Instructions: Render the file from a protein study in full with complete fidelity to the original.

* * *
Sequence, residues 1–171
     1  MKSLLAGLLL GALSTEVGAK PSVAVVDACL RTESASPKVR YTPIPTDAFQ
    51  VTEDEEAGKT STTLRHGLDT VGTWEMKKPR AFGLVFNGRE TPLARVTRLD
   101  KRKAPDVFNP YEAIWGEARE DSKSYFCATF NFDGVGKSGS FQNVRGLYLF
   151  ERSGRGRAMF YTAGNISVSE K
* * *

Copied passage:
Sequence, residues 1–171
     1  MKSLLAGLLL GALSTEVGAK PSVAVVDACL RTESASPKVR YTPIPTDAFQ
    51  VTEDEEAGKT STTLRHGLDT VGTWEMKKPR AFGLVFNGRE TPLARVTRLD
   101  KRKAPDVFNP YEAIWGEARE DSKSYFCATF NFDGVGKSGS FQNVRGLYLF
   151  ERSGRGRAMF YTAGNISVSE K